"If I would do this today it would work. It was Avant-garde at the time," Dion says of her bold Oscars look
While Céline Dion has been having serving up major fashion moments lately — see her bold Met Gala debut in Versace and her ethereal Stéphane Rolland gown worn to the Billboard Music Awards — the Canadian balladeer has dealt with her fair share of fashion haters in the past.
One look that divided fashion critics was the backward white John Galliano tuxedo she wore to the 1999 Oscars. Dion tells PEOPLE in this week’s issue she has no regrets about the bold look, only that it was perhaps a little too avant-garde at the time, and might fair better at an event today.
“When I wore that look, yes it was at the Oscars, and when I wore that, everyone was wearing dresses, not pants,” she recalls. “I was the only one with pants in a backward suit from Galliano and if I would do this today it would work. It was avant-garde at the time. And it doesn’t matter, you just have to assume what you wear, you wear, and I did.”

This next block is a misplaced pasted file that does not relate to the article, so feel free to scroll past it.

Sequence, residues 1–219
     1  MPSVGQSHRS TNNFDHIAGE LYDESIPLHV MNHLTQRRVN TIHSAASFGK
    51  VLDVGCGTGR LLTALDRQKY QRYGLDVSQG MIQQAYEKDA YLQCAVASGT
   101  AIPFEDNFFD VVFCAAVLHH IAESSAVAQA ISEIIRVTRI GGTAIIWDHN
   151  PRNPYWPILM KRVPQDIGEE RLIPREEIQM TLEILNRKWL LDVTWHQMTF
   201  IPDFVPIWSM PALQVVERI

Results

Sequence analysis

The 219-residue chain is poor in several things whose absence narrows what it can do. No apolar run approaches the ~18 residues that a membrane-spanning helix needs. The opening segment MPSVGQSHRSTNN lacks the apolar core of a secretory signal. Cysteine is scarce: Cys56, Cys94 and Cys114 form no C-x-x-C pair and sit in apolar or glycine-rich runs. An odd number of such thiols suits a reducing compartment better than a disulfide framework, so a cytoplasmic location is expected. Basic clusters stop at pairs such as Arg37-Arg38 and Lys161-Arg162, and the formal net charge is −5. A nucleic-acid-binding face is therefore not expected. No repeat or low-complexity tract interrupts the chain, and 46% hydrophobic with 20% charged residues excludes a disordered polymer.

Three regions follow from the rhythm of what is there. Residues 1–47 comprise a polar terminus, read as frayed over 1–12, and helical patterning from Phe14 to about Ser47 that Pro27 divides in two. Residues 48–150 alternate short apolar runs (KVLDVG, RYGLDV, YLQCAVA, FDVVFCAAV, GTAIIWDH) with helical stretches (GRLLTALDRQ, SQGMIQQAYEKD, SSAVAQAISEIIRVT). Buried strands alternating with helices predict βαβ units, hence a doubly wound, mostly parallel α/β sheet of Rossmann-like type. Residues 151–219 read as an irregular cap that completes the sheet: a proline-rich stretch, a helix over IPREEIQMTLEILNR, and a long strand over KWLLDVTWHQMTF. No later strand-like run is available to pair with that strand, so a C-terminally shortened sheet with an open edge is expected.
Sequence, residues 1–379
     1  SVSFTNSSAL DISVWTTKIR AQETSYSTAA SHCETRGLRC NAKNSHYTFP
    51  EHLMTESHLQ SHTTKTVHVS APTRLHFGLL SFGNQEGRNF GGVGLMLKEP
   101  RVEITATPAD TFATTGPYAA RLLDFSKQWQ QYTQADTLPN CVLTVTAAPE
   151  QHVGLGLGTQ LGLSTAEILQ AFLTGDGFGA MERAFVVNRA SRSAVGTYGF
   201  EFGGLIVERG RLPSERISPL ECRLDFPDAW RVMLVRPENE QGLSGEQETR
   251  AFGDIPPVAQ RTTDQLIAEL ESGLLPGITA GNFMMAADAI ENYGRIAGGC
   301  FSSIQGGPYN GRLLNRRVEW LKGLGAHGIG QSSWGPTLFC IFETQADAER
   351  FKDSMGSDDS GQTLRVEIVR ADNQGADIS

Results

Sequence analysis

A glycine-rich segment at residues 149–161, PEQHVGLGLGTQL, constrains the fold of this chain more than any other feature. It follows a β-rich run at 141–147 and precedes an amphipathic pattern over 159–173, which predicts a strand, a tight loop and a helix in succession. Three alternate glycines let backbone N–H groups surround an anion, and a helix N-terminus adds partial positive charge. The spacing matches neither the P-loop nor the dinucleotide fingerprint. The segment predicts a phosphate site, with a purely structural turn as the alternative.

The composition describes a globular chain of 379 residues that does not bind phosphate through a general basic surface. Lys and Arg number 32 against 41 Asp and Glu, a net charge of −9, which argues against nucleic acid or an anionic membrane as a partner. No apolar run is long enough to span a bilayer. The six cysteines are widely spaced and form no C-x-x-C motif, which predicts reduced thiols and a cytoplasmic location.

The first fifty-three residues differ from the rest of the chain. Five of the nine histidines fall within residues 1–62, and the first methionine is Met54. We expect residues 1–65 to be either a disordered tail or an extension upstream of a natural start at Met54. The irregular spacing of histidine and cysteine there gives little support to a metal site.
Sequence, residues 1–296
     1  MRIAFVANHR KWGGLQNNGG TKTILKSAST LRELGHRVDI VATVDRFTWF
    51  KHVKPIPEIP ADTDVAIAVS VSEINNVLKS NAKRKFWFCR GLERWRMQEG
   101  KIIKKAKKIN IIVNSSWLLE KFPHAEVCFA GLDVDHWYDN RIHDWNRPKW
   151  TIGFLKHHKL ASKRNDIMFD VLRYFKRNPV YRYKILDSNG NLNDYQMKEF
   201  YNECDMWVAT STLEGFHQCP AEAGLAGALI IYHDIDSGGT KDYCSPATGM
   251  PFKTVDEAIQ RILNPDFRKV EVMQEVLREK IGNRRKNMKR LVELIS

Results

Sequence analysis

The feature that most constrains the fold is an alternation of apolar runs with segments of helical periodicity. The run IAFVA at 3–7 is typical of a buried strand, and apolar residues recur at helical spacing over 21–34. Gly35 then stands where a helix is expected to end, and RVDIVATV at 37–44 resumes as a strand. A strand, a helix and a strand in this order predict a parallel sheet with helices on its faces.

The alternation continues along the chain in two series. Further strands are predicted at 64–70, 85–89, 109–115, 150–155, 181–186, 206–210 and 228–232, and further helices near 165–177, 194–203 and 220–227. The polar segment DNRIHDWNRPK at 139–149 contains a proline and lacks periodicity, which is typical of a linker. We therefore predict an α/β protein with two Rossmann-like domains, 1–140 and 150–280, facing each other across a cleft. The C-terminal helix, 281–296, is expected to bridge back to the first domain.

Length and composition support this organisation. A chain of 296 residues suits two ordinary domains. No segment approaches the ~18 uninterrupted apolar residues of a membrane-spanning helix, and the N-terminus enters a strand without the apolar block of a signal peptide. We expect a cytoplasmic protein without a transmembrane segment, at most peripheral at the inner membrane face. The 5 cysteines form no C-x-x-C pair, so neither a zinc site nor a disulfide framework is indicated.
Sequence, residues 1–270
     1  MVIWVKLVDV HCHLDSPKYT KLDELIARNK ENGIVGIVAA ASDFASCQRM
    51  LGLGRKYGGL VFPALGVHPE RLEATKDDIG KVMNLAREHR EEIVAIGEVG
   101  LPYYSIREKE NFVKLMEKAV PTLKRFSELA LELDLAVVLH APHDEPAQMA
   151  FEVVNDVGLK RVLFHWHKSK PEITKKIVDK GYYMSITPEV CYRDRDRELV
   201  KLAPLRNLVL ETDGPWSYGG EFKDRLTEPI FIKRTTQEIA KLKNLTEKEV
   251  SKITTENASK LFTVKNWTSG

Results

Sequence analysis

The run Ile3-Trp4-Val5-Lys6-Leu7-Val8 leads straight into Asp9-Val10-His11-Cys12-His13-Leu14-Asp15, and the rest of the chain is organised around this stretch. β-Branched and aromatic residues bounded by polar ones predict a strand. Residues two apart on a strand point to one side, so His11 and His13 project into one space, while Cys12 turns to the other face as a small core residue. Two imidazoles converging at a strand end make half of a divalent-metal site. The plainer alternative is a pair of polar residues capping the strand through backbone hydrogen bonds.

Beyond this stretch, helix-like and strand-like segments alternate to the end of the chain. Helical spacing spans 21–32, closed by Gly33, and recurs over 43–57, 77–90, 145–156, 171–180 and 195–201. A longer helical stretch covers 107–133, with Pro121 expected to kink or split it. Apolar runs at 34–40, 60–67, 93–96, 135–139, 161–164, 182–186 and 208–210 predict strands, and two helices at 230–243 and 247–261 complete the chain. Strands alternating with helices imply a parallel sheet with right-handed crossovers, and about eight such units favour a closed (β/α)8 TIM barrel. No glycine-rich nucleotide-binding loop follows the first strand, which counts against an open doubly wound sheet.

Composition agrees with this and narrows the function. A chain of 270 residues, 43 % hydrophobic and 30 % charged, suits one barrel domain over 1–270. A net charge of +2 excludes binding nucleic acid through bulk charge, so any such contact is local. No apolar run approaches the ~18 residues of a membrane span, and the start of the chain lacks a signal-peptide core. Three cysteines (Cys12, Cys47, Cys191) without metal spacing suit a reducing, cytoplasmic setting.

For much more on Céline Dion’s fashion evolution and her life now as a single mother, pick up the latest issue of PEOPLE, on newsstands now.
Speaking to her more recent universally praised fashion wins, Dion admits she’s having a lot of fun with her looks — but that they aren’t always comfortable.
“The Met is not about being comfortable,” she says of her May debut in the Versace gown with the thigh-high slit. “The Met is about [making] a moment memorable. It was a crazy night, lots of fun, crazy hair, crazy dresses, all of the above. But a first is a first and it was magnificent.”
Her Billboard Music Awards dress — in which she gave an emotional performance of “My Heart Will Go On” that moved the audience to tears — was much easier to wear.
“That was very comfortable and I’ve been wanting to wear Stéphane for a long time,” Dion says. “What touched me the most was it was a grandiose dress, with the simplicity of the white and the rest of it is so simple, and the whole crowd was singing with me and it became everybody’s song.”